While we were living on a day-to-day schedule, there were three things that we certainly wanted to experience while in Newfoundland: the East Coast Trail, the George Street Festival, and Gros Morne National Park.
The East Coast Trail
I learned that the East Coast Trail was actually more than 200 miles long—a bit more than we had anticipated. We ended up only hiking the Spurwink Island Path, a 12-mile section of the trail through forest with rewarding views of the fjords of the Atlantic Coast. Even with a minimal elevation spike, the repeated up-down of the trail made for a strenuous hike. We stepped over thick roots, stones, and fallen branches. Though we were granted shade from the forest canopy, it was hot enough to warrant jumping into the streams to cool off. The waterfalls, ocean views, and wildlife were all beautiful, but they paled in comparison to the crown jewel of the hike: the Berry Head Arch.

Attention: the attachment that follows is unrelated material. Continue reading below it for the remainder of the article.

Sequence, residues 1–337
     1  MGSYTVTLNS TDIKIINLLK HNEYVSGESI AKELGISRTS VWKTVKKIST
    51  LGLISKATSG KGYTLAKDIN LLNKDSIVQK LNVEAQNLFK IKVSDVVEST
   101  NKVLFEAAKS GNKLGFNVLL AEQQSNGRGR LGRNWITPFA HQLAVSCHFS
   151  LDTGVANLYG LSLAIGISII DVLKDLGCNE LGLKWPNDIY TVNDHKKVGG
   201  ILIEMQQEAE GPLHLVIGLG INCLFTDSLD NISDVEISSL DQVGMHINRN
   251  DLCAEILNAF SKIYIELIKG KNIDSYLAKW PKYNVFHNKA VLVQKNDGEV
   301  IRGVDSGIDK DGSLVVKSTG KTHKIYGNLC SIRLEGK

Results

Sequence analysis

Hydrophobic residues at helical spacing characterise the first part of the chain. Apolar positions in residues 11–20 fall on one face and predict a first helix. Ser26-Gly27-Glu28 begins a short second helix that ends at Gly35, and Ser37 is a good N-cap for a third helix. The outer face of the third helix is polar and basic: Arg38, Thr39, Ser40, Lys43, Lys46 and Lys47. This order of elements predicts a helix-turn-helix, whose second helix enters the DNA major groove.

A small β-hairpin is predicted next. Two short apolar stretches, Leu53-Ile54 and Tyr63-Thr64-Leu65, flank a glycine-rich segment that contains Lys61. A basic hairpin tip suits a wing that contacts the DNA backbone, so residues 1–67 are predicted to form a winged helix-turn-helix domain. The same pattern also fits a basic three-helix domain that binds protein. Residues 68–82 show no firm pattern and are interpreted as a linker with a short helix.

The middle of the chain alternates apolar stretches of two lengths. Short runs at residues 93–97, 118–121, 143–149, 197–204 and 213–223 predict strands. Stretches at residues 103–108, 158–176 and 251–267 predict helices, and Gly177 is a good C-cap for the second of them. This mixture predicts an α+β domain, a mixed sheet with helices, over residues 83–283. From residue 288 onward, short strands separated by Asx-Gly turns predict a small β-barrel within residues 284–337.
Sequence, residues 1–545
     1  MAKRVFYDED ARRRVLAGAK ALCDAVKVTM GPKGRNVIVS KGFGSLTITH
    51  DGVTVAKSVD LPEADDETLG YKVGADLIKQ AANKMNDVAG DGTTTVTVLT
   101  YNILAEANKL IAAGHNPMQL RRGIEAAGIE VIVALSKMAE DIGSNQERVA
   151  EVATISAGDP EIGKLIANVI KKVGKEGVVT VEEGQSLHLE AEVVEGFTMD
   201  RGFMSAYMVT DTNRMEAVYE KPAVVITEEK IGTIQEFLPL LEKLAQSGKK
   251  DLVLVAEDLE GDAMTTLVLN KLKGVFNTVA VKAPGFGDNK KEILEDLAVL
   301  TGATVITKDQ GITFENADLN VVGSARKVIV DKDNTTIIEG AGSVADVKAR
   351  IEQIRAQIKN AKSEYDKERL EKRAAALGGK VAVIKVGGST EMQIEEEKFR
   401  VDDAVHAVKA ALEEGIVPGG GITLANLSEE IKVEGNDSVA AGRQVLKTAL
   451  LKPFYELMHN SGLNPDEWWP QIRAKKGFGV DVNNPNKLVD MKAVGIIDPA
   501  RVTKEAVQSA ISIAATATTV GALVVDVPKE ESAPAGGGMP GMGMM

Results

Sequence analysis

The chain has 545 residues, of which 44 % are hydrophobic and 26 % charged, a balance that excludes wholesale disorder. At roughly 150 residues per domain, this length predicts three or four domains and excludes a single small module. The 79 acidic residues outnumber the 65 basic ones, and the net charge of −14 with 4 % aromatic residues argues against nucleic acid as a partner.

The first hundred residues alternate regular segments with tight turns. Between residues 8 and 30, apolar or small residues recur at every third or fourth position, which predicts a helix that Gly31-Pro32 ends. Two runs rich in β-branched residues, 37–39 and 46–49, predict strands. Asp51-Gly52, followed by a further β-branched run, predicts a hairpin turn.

We spent the night near that spectacular rock arch and completed the final 4 miles of the hike the following morning. The end of the trail brought us to a small town. Proud and exhausted, we sat down in the shade of the community center. We benefited from the generosity of the locals, as the first person we spoke to offered to drive two of us to where our van was parked, about 15 minutes away.
No moose sighting.
George Street Festival
There was no better feeling than the comfort of hotel amenities after spending multiple nights in a tent. We booked a room in St. John’s because we had big plans. We were to attend our first ever George Street Festival. We had one day to relax before the start of the festival. If you’ve ever pushed yourself on a difficult hike, you know that the next day is the most painful. The George Street Festival was our chance to get away from the wilderness that defined our trip and into a party. The atmosphere was amazing—this was pre-COVID, after all. Live music, drinking in the street, and hundreds of Newfies buzzing at the chance to share a drink with visitors. A place called Lottie’s, known for its White Russians, made me fall in love with the drink. We danced with sore legs, ate great food, and yes, even kissed the cod.
Gros Morne National Park